BBC

Happy Birthday, Hamas! Love, the BBC (Apparently, the Guardian forgot to send a card)


A guest post by Geary

If, having committed some obscure but particularly heinous sin, you found yourself consigned to a Circle of Hell where the exquisite Dante-esque punishment was that your only source of reading is the Guardian, you would be unaware that this week saw the celebration of Hamas’s 23rd birthday.

It was however reported by both the BBC and al-Jazeera, and a comparison of the two reports is instructive.

Note that, prominent in the al-Jazeera report, was:

“Resistance group throws 23rd anniversary rally, as tight Israeli siege makes Gaza’s Hamas rulers increasingly unpopular“.

If you click on the clip half-way down, you will discover that the Al-Jazeera piece also suggests Hamas is unpopular for reasons unconnected to its impotence as regards Israel, such as police brutality and corruption.

But the BBC? Hamas is unpopular? Perish the thought. Dear old Auntie (that is, Anti-Israel) instead stresses the “tens of thousands”, the “throngs” of supporters who – of their own free will of course –  “filled the streets of Gaza” to watch the festive green balloons and listen to the tinny martial music and hear how, “Hamas leader Ismail Haniya says the Islamist movement is committed to Palestinian national reconciliation in order to fight the Israeli occupation”. How noble! But, any thoughts instead of making peace with Israel for the good of all? Thought not.

So where was Harriet Sherwood during all this? Still basking in the glory of her trenchant piece denouncing the brutal conditions of confinement of Israeli chickens? Not in the least. Here is our irrepressible intrepid reporter on the Guardians “Teaching English as a Foreign Language” page – always at the heart of the action – recounting an 18-month old story of how Hamas police closed down a rap gig.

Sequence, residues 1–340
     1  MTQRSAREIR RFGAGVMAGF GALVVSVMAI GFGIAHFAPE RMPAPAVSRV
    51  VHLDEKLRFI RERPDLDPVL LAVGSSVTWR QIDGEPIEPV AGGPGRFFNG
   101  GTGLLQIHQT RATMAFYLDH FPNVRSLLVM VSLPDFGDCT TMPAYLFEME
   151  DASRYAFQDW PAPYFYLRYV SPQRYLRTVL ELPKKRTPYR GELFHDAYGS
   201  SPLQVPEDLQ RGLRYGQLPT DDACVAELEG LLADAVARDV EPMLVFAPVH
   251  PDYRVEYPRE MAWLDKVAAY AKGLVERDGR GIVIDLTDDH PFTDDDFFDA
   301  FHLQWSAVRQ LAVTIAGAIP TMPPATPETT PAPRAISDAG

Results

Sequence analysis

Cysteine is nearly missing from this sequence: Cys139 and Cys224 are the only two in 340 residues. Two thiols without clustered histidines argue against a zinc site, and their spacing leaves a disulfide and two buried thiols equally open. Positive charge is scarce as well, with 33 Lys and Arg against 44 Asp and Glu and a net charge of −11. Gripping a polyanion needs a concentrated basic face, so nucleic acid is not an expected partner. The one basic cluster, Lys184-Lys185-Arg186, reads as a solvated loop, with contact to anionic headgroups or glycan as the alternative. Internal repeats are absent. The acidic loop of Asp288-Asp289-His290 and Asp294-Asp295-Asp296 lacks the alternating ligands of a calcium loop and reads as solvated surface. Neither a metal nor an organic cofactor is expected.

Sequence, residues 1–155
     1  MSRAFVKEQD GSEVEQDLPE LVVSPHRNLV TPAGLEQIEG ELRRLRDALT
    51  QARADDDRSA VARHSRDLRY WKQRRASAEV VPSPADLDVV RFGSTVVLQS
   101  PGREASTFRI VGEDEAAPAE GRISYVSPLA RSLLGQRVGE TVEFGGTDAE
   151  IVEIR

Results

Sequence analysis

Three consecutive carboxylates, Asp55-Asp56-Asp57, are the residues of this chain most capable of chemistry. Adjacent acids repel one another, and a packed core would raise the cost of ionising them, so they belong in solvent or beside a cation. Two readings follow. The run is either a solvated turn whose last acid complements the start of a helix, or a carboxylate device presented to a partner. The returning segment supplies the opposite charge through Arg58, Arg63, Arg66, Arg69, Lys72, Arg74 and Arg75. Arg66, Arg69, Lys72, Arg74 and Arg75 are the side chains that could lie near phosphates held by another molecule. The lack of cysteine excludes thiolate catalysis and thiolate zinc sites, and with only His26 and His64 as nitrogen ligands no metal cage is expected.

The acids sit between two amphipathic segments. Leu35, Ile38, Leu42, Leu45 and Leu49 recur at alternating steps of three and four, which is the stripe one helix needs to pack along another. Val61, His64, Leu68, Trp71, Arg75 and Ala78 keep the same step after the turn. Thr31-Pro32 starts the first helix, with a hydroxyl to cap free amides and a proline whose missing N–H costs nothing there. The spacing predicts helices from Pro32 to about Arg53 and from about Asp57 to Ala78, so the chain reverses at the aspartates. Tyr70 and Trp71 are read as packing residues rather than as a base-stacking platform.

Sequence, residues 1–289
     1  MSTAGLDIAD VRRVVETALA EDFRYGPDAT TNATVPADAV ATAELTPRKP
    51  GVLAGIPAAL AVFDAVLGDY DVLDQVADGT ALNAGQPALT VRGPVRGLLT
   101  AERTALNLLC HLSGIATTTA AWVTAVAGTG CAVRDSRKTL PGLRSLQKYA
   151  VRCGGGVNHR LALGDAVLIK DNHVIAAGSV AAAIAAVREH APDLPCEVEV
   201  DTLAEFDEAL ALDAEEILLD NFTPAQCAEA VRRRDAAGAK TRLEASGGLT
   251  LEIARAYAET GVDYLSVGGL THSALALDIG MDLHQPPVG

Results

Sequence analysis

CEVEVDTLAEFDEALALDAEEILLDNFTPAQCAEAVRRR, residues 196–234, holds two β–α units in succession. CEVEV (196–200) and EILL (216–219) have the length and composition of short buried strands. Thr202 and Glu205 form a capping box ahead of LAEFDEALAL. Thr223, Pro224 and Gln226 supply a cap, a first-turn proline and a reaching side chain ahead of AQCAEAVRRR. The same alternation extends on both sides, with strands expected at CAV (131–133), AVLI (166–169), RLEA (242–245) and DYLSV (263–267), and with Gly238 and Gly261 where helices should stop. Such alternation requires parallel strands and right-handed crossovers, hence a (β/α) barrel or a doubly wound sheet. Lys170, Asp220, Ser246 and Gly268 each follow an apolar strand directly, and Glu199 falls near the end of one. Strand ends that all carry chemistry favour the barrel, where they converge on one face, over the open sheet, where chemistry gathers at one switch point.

In Gaza you dance only to the tune of Hamas – at least if you’re the Guardian or the BBC.

5 replies »

  1. Unfortunately the hilarity that greets your latest epic Geary, is caused by the gap between the grim reality of the Hamas regime that guns down people who celebrate a wedding with music and the light-hearted celebration discerned by the Beeb with its eyes & ears shut tight.

  2. “tight Israeli siege makes Gaza’s Hamas rulers increasingly unpopular”
    For many months every articale regarding the Israeli blockade claims the Israeli blockade is ineffective and is only making Hamas stronger.
    I also comment that the truth is every poll and survey suggest that the support for Hamas in West Bank and Gaza is decreasing because of the blockade.
    Lets see if someone other than al-Jazeera will be willing to speak against that silly leftish consensus that no matter what you do against terrorist it will only make them stronger.

  3. Very good piece Geary which is acutely observed.

    Once can expect little else from Hattie the Hen, can one, although I do think she could have reported on Hamas’ latest charm offensive (apparently the smiling didn’t work – it gave children nightmares) of handing out chocolate to Gazans (see http://www.jpost.com/MiddleEast/Article.aspx?ID=199349&R=R1).

    Puts me in mind of a variation on the Marie Antoinette theme:

    Hanniyeh: Why are people collapsing in the street?

    Official: The people are starving. They can’t afford bread at the Hamas mark-up prices

    Hanniyeh: Well, let them eat chocolate

    (And I bet it was well past its use-by date).

  4. Hamas …. handing out chocolate to Gazans.

    Odd. Surely chocolates are un-Islamic? First, they’re not mentioned in the Koran and, to make things worse, they’re fun.

  5. Aha, Geary, you don’t catch me out so easily – smiling is an indication (when Islamists don’t do it) that people are having fun, and in the Humpty Dumpty land of Islamist rules and regs, the goalposts for what is and is not acceptable are very moveable to say the least.

    Probably one swivel-eyed imam in the pay of Hamas told them they were allowed to smile and and that Mo ate chocolate.

    Hamas reminds me of little children in the school playground trying to buy friendship with sweets. Hamastards really are developmentally stuck at that age, although of course they are infinitely more dangerous.